This is the song that you will hear over and over again, if you listen to the right radio stations. It was the first song released from the album, and is named for the person depicted in the first three songs. In comparison to the rest of the album, the song feels fast, frantic, making the listener feel like running with a strong guitar strum, with overarching themes themes of alcoholism. It is not profound, but is fun and catchy, if a little overplayed.

Junior Sparks:

It Wasn’t Easy Being Happy for You

This song begins the second part of the album with a simple and carrying guitar strumming pattern. It is subdued yet driving, capturing the mood reminiscent of reflecting on a past relationship in a disgruntled and somewhat apathetic way, like the feeling of kicking dust around while walking. In this way, it is perfect for bitterly recollecting one’s last relationship without ever admitting emotional vulnerability. The chorus is simple, picking up the tune a little but never rising above the resigned tone. It is not deeply moving, but a fitting tune for particular times.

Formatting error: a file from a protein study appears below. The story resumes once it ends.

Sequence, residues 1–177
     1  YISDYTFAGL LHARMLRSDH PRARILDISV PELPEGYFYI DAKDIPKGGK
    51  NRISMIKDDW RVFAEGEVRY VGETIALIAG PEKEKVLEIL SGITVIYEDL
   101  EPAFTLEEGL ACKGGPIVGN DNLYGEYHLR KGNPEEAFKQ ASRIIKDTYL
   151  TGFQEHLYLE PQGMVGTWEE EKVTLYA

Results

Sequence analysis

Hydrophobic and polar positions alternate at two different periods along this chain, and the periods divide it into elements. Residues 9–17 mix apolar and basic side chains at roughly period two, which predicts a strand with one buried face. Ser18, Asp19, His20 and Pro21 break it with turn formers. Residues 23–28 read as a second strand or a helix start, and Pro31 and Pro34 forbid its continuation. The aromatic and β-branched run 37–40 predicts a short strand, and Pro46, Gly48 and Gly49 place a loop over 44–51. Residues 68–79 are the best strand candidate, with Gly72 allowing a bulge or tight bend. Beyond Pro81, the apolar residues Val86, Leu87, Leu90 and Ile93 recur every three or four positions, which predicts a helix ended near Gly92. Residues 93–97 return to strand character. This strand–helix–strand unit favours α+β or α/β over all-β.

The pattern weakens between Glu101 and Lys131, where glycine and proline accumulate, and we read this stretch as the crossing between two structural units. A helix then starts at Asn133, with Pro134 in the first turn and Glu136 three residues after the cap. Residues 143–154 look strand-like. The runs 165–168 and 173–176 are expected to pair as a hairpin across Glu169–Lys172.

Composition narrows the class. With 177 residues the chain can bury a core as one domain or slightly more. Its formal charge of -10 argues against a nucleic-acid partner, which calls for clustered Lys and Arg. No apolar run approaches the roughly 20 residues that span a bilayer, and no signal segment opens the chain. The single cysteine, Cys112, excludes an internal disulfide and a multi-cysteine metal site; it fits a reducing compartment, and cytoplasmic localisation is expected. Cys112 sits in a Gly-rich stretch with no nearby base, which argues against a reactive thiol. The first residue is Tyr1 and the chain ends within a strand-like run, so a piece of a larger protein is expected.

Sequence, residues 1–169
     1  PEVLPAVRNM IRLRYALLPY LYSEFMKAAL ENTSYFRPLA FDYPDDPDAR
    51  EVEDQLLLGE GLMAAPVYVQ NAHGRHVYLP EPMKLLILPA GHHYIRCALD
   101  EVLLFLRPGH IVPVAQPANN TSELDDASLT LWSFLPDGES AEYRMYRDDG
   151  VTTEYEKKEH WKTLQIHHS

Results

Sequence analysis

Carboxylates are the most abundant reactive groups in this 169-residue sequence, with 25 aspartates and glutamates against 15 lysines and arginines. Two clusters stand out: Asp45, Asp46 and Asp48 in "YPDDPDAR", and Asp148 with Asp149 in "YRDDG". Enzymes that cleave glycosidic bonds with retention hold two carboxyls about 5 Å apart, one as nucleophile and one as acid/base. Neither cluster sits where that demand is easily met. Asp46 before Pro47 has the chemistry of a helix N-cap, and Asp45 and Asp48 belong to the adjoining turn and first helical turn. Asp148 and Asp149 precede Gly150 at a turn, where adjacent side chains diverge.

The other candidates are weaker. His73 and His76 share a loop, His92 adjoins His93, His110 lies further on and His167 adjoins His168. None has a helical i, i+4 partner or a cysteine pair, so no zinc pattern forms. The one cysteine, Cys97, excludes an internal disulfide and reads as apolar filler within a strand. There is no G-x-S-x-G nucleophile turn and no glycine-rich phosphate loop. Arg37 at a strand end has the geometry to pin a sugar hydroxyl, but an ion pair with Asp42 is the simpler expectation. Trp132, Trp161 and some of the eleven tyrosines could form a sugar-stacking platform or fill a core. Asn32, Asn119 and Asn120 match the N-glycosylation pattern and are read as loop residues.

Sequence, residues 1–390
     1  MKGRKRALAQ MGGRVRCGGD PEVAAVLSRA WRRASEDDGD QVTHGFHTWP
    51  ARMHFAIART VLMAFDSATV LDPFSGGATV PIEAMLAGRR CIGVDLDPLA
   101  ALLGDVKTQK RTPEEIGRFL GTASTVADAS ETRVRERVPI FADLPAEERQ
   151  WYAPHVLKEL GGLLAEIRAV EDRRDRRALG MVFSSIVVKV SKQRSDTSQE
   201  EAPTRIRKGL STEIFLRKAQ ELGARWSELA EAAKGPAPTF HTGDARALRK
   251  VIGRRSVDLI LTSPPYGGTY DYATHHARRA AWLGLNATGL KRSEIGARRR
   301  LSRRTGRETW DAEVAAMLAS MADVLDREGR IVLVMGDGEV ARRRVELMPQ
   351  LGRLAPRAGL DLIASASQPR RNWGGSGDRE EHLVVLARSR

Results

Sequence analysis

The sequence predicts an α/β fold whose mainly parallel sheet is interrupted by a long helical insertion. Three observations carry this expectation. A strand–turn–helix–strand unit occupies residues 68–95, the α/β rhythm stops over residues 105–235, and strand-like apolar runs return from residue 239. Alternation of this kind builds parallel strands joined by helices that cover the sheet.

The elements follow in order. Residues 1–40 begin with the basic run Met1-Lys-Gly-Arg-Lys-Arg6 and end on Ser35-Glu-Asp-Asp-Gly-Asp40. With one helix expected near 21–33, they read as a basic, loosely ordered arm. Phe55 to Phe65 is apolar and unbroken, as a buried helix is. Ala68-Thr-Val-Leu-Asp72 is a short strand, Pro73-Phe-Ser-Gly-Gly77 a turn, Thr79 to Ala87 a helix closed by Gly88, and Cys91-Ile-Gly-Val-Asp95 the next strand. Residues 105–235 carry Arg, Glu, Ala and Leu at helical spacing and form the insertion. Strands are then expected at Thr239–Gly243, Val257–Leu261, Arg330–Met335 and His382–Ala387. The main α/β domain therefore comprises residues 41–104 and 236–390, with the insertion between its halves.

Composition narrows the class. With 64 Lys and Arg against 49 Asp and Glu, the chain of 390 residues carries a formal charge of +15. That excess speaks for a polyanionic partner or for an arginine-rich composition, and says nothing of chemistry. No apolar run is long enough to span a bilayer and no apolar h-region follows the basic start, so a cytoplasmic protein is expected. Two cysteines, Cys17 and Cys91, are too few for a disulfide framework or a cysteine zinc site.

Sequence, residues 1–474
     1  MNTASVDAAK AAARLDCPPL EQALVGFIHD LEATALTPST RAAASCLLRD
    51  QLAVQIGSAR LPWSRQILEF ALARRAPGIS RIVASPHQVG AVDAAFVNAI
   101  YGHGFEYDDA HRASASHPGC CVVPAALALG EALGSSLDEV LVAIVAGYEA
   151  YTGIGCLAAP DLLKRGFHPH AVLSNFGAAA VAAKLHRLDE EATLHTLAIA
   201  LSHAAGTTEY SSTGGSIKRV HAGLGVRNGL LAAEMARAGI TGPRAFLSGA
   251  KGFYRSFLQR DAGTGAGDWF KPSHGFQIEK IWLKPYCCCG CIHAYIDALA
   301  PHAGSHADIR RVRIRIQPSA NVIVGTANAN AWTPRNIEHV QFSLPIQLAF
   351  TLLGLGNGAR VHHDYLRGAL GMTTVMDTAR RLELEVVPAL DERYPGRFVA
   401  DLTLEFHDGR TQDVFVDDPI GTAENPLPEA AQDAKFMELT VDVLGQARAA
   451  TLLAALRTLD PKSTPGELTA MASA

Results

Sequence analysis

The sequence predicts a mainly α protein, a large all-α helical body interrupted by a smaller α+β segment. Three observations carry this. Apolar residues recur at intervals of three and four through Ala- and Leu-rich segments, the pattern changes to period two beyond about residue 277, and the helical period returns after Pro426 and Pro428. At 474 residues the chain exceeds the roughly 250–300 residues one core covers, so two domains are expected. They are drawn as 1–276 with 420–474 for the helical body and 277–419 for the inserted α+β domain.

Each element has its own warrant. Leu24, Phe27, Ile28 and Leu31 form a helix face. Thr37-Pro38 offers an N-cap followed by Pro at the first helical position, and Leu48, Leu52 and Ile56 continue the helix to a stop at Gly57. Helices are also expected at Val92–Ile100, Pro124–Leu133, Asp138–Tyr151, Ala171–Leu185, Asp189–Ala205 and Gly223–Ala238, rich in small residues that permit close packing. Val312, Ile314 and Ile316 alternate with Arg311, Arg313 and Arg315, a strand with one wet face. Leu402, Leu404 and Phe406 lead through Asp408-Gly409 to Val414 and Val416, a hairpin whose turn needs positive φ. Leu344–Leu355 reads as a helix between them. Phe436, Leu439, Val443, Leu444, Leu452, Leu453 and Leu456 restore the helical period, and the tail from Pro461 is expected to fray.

Leader of the Landslide

This song, as perhaps the best to come out of III, opens with a quiet and calm guitar riff. With the faintest sound of crickets in rain in the background, it invokes a vivid feeling, akin to that of waking up in the morning and sitting on the edge of one’s bed, tired. The lyrics express a strained relationship with the narrator’s mother in very lucid language. The speed builds, switching to a strum that gradually builds, giving a feeling of rising frustration, until it breaks into the chorus, seeming downright energetic, before returning to the quiet hollowness it began with. With all these different parts reflecting diverse sentiments all stitched together, “Leader of the Landslide” makes a rather beautiful tune.